From ‘Destructive Creation’ to ‘Creative Destruction’: Rethinking Science, Technology and innovation in a Global Context

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There is general agreement amongst economists today that Science, Technology and Innovation (STI)2 have dramatically contributed to individual countries’ economic growth and welfare.  Another, 21st  Century way of looking at the old Solow residual discussion is to observe that STI has been the core  factor behind the intrinsic characteristic of capitalism to accumulate indefinitely. Doing so STI has also  created the seeds of the current pattern of unsustainable global development.  Once the major driving  forces of countries’ international, technological competitiveness are taken into account, “smart”,  innovation‐led growth and “sustainable”, green growth appear in contradiction with each other.  The  paper makes the case for “smart” no longer be leading in STI policy but rather “sustainability”.  Four  priority “directions” are suggested: radical improvements in eco‐productivity reducing the energy and  emissions intensity of production, distribution and consumption; biomimicry as sustainable product  innovation guiding principle; the use of AI and big data as “sustainable purpose technologies” assisting  and complementing growth in eco‐productivity and green product development and design; and finally  regulatory and taxing policies addressing over‐consumption, including advertising.  In so far as  sustainability and inclusiveness are also in contradiction with each other, there is also need for specific  proactive, integrated “eco‐social” STI policies. Global sustainable development will only be successful if  it supported by all classes in society. While for high income classes priority can be given to increased  taxation, for low income classes there is a need for a more comprehensive green new deal that should  include house retrofitting and social energy tariffs making the energy transition cheap. Finally the  research community itself should put full priority to exploit fully the digital substitution advantages of  research networking, rather than air travel.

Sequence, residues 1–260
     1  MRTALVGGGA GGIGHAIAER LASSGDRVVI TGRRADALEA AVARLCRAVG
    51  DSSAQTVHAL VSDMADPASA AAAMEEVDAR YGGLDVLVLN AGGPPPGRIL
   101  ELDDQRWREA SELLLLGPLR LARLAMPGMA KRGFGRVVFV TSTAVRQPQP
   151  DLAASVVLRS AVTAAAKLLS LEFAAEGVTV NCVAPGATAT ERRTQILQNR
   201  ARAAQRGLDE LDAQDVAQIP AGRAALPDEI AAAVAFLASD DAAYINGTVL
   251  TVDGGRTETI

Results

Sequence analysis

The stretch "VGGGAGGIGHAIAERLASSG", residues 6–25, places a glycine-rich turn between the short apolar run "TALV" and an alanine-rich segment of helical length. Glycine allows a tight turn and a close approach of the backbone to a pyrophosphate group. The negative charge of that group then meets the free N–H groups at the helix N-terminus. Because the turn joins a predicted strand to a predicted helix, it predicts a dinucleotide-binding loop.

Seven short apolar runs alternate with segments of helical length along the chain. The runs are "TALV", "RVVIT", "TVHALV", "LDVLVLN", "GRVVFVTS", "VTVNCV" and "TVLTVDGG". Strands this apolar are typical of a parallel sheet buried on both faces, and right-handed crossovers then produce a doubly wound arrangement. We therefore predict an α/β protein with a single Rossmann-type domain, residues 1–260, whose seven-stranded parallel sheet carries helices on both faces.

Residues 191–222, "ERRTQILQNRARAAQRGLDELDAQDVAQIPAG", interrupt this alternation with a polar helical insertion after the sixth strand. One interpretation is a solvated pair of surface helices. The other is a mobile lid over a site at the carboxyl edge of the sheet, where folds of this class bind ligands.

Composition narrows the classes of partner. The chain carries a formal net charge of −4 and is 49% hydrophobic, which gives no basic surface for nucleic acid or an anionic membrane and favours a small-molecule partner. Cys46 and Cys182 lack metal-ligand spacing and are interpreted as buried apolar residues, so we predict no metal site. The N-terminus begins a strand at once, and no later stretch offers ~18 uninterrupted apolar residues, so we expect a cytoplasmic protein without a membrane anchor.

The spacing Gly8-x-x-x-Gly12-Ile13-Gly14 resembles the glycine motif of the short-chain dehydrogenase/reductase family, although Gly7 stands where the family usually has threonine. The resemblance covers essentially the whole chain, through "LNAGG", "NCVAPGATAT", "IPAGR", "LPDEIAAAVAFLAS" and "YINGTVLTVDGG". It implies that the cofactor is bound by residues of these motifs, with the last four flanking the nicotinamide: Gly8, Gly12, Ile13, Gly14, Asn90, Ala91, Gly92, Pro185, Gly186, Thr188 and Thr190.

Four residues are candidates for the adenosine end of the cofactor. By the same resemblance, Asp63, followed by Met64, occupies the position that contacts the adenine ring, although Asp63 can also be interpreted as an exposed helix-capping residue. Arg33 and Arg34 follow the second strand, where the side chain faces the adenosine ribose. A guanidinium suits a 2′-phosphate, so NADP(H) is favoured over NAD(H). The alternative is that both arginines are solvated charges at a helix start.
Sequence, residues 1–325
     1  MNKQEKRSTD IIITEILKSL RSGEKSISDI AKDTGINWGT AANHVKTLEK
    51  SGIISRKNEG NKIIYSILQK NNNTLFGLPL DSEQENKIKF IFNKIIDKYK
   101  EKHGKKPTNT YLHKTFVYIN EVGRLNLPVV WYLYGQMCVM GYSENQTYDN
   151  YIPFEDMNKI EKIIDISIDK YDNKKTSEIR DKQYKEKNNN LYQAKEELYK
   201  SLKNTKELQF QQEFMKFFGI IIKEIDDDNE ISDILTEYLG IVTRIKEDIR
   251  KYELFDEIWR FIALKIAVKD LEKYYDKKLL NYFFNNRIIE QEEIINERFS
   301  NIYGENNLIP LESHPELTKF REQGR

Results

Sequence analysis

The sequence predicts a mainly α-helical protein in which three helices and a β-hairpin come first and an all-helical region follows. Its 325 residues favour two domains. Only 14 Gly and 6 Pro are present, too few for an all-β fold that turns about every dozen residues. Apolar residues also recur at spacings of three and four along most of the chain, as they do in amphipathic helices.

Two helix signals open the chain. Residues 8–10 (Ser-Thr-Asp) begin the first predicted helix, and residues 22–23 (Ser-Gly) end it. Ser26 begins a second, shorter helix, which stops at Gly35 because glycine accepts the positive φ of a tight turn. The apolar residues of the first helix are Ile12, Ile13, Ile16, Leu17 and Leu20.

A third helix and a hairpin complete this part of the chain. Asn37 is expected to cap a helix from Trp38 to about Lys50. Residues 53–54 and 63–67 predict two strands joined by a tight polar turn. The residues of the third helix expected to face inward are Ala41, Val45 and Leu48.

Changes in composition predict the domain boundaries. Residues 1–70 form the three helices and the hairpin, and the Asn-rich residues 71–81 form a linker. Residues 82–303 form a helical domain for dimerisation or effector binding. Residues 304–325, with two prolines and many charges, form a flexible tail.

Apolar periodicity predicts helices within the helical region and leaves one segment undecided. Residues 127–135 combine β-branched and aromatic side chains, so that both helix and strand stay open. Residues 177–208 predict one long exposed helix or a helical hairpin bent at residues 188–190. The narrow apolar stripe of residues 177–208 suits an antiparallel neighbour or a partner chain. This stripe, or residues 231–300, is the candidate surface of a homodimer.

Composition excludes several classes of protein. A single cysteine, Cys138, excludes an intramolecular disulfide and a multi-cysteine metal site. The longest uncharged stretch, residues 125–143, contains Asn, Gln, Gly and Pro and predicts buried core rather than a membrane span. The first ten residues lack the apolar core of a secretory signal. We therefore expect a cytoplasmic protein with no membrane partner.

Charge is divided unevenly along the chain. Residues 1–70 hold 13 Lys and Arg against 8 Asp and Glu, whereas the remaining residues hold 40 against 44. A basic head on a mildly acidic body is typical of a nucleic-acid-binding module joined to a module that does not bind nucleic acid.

Science, Technology and Innovation; smart growth; sustainable development; inclusiveness.